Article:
During the process of tumor progression, melanoma cells must exit the epidermis to form a dermal tumor, recruit lymphatic vessels, and then migrate to lymph nodes before metastasizing to distant organs. Melanoma prognosis directly correlates with tumor depth and lymph node metastasis. Therefore, ideal therapeutic agents for early stage melanoma would not only block melanoma invasion but also prevent tumor cells from accessing lymphatic vessels. Published work from our group determined that RhoJ, a gene that allows melanoma cells to resist BRAF oncogene-induced stress, is highly expressed in melanoma tumors that metastasize to the lymph node. RhoJ deletion stalled the growth of BRAF mutant melanoma tumors and inhibited the formation of BRAF mutant nevi in vivo. In addition to its selective role in controlling the growth of BRAF mutant melanocytes, RhoJ plays a specific role in tumor angiogenesis. RhoJ signaling in peritumoral endothelial cells induces them to generate vessels that serve as conduits for both nutrients to enter tumors and metastasizing cells to exit tumors. Recent yet unpublished work suggested that RhoJ deletion inhibited the ability of lymphatic endothelial cells to form vessels around tumors. Moreover, small molecules that inhibit RhoJ signaling seemed to not only block the growth of melanoma tumors in vivo, but also blocked the ability of endothelial cells to generate vessels to feed tumor cells in vitro. Here we propose that RhoJ has a dual role in tumor biology- it acts within the melanocyte to promote the formation of tumors and within the endothelial cells to promote the formation of lymphatic vessels around tumors in the skin, and blood vessels around tumors in distant organs. We use a combination of state of the art single cell genomics, in vivo imaging, novel pharmacologic agents, and transgenic mouse models to: 1) determine how RhoJ acts in the melanocyte to promote the growth of early stage tumors; 2) establish whether RhoJ acts in lymphatic endothelial cells to control tumor lymphangiogenesis; 3) assess the relative contributions of RhoJ to tumor growth and lymphanigogenesis/angiogenesis in vivo and in 3D models of human tumors. Completion of these studies will define a new therapeutic strategy that halts cancer progression by simultaneously targeting both tumor cells and the vessels that feed them.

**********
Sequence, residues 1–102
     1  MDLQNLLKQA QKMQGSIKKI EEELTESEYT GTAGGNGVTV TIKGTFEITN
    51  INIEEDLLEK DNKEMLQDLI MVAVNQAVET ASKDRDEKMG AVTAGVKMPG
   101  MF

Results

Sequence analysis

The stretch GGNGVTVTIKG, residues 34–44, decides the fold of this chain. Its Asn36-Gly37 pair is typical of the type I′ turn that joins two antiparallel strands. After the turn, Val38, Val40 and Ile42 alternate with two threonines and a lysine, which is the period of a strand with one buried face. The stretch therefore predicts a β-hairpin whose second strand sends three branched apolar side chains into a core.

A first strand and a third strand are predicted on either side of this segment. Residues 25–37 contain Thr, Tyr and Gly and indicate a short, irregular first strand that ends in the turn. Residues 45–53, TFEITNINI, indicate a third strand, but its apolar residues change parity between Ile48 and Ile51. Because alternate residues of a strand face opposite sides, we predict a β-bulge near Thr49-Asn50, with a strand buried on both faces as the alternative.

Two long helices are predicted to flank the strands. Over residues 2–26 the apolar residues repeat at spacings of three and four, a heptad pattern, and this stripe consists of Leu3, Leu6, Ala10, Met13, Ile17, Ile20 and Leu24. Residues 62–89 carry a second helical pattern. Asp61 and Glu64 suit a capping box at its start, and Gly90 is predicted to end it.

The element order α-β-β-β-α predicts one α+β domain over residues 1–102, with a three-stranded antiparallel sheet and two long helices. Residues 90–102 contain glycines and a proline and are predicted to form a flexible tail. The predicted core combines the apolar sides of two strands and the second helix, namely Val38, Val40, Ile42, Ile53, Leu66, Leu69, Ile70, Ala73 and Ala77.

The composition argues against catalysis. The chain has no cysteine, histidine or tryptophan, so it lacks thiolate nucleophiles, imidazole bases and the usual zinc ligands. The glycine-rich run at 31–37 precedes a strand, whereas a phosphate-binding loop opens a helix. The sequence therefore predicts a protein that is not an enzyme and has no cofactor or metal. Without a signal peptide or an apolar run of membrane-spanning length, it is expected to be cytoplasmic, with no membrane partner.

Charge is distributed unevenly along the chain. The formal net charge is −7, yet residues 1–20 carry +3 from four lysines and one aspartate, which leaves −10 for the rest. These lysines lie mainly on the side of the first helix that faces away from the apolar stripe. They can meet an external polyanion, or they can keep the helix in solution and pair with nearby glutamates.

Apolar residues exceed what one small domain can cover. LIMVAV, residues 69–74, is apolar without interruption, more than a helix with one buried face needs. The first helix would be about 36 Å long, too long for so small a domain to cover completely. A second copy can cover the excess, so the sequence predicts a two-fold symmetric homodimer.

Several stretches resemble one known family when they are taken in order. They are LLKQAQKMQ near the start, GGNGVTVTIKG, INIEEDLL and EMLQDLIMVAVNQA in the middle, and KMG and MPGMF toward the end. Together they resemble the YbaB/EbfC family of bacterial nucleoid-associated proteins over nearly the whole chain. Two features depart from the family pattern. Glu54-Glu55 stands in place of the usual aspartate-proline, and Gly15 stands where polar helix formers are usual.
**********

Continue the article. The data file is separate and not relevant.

While immunotherapies and kinase inhibitors can successfully treat metastatic melanoma, they are not routinely used to treat melanomas that have not yet disseminated systemically secondary to their side effects. Our recent work suggests that RhoJ plays a dual role in tumor biology- it promotes tumor formation while also controlling the ability of endothelial cells to form vessels in and around tumors. Here we propose that RhoJ plays a selective role in tumor formation, tumor angiogenesis, and lymphangiogenesis. We test this hypothesis using genetically engineered mice, advanced imaging and genomics, and newly developed RhoJ inhibitors. Completion of these studies will identify a new therapeutic strategy that can be used to treat early stage melanoma and other cancers.